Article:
The Psychological Torture We're Imparting On Prisoners Is Only Making The Country More Dangerous

The Psychological Torture We're Imparting On Prisoners Is Only Making The Country More Dangerous

The lie we've been sold to feel better about torturing people to death is crumbling right before us.
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Prison is the closest institution I can think of that exemplifies the term "necessary evil." Few people would argue for the complete abolition of prisons. They serve a need that our society, and every society, has had since the beginning of time. But there has got to be a better way to do it than what we're doing now.

What we're doing now can be summarized in one heartbreaking sentence: the U.S. prison system is harvesting a group of mentally ill individuals solely prepared to reenter the system somewhere down the line.

The current framework for prisons in the United States relies on psyche-breaking strategies that inevitably cause long-term psychological damage, not only ruining the life of the imprisoned individual but also ruining the chance of that individual’s successful reentry into life beyond prison walls.

Often times, when I start this conversation with those around me, they say something along the lines of, "Who cares? They're just prisoners," or, "If you don't want to be there, don't break the law." This sentiment that prison shouldn't be a nice place and its frightening environment is a deterrent for crime is messed up in a lot of ways - but the one of greatest interest to people who believe this might be that the current state of prisons is not successful at reducing crime.

Success within the legal system can be defined by the rates of recidivism within it—the rates at which former prisoners relapse into criminal behavior. In the United States in 2005, 76.7 percent of released prisoners were rearrested within five years of their release.

Does that sound like success?

Maybe this is what it's about. Maybe even if you don't care about the treatment of inmates behind prison walls, you care whether or not that treatment is doing what we've been conditioned to believe is the goal: keeping our country safe.

Because of the evidence that psychologically traumatic conditions lead to negative behavior, it's not a jump to say that the psychological effects of living inside a United States prison, including development/exacerbation of mental illness, contribute to the increasingly high rates of recidivism inside the U.S. legal system.

Statisticians from the Bureau of Justice (BJS) led a study in 2004 on inmates in state and federal correctional facilities. The results revealed that 56 percent of prisoners had a mental health problem based on criteria specified in the DSM-IV. These numbers are even more concerning when compared to the average prevalence of mental illness in the general United States population—18.2 percent. This research points to the idea that mental illness is not only something that leads to imprisonment but something that comes as a result of imprisonment.

A final sentiment on the fatality of mental illness inside prisons is the fact that in 2011, suicides accounted for 5.5 percent of deaths in United States prisons—that year, the BJS reported that 185 inmates took their own lives. This research clearly points to the fact that the United States prison system is not doing an efficient job at preventing, identifying or treating mental illness, and the consequences are fatal.

While these statistics are clearly ethically disturbing, a greater truth remains: not only is the prison system harvesting mental illness and the unethical treatment of individuals, but it is also perpetuating an ineffective system for reducing crime rates. This is best illustrated by the rates of recidivism in this country. In the United States, the average recidivism rate for released prisoners is 43.3 percent. However, according to a report by the Bureau of Justice Statistics, about 68 percent of 405,000 prisoners released in 2005 were rearrested for a new crime within three years of their release, and 77 percent were rearrested within five years.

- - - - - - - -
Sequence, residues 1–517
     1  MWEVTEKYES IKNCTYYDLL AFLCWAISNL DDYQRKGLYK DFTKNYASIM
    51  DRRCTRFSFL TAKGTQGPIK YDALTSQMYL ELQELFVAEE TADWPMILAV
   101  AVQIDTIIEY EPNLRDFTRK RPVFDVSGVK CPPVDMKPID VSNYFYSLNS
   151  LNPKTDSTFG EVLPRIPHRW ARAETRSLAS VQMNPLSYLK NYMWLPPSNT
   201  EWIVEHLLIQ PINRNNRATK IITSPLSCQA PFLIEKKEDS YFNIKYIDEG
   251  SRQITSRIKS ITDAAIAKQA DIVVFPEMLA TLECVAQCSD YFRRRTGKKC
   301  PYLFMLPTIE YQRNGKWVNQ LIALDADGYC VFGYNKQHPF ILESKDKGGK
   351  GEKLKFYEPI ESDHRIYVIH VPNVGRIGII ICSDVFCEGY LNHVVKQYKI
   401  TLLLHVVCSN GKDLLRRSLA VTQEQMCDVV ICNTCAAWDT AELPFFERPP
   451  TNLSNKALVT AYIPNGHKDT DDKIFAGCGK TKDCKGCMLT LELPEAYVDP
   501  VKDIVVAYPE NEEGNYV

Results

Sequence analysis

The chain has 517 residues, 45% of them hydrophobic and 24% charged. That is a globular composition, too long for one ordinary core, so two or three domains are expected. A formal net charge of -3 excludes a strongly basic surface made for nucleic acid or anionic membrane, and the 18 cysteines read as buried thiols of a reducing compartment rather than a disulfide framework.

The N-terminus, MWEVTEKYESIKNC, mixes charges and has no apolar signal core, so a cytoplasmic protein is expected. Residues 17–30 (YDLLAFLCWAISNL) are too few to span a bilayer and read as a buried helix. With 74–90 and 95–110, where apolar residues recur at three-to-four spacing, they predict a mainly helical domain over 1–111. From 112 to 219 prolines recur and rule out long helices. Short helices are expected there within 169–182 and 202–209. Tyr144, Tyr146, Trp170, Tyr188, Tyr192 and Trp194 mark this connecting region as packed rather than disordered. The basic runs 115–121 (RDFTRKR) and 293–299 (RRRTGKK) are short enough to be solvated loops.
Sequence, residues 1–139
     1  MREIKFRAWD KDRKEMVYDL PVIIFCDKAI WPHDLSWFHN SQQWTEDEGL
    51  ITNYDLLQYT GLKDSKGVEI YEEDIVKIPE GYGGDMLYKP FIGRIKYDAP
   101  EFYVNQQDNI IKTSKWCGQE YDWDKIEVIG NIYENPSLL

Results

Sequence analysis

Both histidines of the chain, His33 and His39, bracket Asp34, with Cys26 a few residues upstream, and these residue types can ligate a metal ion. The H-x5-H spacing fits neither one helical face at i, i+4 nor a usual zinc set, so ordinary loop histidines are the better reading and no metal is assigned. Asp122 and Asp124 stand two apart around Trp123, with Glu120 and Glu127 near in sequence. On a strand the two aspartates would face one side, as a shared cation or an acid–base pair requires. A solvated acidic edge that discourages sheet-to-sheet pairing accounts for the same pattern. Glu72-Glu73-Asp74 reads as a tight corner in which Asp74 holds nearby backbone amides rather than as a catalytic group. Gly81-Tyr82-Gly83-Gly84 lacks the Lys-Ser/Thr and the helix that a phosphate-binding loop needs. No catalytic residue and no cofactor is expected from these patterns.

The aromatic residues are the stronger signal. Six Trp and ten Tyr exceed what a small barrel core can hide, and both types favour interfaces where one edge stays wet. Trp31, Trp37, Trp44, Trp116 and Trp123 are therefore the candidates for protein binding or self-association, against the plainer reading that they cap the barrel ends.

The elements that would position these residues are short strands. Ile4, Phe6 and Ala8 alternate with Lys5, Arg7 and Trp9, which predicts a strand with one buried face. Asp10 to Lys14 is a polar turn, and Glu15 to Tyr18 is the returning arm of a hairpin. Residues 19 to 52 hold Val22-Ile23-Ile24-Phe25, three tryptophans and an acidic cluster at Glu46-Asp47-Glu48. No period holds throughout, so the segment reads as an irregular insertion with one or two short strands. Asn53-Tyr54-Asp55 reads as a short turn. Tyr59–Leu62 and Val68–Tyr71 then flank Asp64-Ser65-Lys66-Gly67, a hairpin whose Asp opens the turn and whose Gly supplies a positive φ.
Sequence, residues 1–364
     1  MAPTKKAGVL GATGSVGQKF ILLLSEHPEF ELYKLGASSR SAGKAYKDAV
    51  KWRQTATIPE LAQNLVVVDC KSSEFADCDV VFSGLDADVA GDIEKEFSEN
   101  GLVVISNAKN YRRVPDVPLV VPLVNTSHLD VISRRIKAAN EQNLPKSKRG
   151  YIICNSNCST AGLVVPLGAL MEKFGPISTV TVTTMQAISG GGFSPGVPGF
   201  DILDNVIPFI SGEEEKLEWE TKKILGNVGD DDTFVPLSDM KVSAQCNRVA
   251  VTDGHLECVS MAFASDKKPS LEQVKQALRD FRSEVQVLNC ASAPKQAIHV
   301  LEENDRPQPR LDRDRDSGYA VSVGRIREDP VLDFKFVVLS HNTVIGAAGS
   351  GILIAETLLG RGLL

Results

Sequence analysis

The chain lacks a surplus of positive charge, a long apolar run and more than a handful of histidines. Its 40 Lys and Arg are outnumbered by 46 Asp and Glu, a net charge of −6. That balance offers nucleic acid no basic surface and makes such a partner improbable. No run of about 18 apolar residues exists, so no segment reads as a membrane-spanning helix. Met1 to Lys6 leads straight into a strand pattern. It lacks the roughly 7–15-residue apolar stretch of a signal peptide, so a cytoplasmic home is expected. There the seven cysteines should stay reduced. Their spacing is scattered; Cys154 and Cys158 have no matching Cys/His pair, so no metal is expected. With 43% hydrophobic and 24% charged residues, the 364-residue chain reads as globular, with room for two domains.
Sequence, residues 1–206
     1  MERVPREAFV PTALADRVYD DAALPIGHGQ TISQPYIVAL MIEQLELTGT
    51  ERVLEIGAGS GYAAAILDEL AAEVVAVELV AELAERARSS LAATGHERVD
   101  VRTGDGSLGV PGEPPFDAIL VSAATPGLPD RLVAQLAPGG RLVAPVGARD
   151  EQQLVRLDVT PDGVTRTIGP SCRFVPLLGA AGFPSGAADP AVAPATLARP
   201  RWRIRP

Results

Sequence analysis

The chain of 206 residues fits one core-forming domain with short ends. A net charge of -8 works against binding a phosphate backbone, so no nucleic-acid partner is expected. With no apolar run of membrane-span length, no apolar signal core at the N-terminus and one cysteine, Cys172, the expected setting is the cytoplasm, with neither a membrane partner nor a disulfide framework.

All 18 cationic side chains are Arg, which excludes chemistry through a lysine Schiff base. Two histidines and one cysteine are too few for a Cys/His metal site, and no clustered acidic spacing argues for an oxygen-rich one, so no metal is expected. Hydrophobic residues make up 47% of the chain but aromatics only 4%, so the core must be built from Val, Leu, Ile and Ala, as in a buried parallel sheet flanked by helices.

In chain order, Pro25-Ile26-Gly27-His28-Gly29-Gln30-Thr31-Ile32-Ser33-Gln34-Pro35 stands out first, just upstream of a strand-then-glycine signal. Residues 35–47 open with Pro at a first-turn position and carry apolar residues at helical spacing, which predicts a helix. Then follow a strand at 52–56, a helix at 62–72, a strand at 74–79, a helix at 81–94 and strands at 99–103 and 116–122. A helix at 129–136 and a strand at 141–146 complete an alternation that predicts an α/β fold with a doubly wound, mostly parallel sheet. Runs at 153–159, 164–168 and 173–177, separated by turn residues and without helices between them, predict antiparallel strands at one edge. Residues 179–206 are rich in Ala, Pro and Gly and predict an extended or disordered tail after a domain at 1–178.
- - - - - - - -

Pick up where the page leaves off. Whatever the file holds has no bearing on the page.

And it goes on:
We're human. We make mistakes. Yeah, some people make really, really big ones. And some of us are luckier than others. But I can't—and I wonder if you can—defend a system that unfairly penalizes people who have made the same mistakes I have to the point of being driven to death.

I believe a system that is both ethically and pragmatically sound is a possibility when the focus moves from punishment to rehabilitation.

In my mind, this looks like an end to solitary confinement and mandatory minimums, less severe sentencing for lower-level drug offenses, treatment for addiction as opposed to imprisonment in cases of drug offenses, and greater concern for the rehabilitation of inmates as opposed to their punishment, specifically aimed at greater psychological care.

With new information concerning the disturbing psychological effects of the nation’s prisons and the inefficiency—legally, financially, and morally—of the system, it is irresponsible to overlook what is happening inside prisons and inside prisoners. If United States’ prisons continue to source and pursue psychological effects in its inmates, including severe mental illness, the 68 percent recidivism rate will continue—and possibly increase.

Does that sound like success to anyone?

Cover Image Credit: YouTube

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'As A Woman,' I Don't Need To Fit Your Preconceived Political Assumptions About Women

I refuse to be categorized and I refuse to be defined by others. Yes, I am a woman, but I am so much more.

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It is quite possible to say that the United States has never seen such a time of divisiveness, partisanship, and extreme animosity of those on different sides of the political spectrum. Social media sites such as Facebook, Instagram, and Twitter are saturated with posts of political opinions and are matched with comments that express not only disagreement but too often, words of hatred. Many who cannot understand others' political beliefs rarely even respect them.

As a female, Republican, college student, I feel I receive the most confusion from others regarding my political opinions. Whenever I post or write something supporting a conservative or expressing my right-leaning beliefs and I see a comment has been left, I almost always know what words their comment will begin with. Or in conversation, if I make my beliefs known and someone begins to respond, I can practically hear the words before they leave their mouth.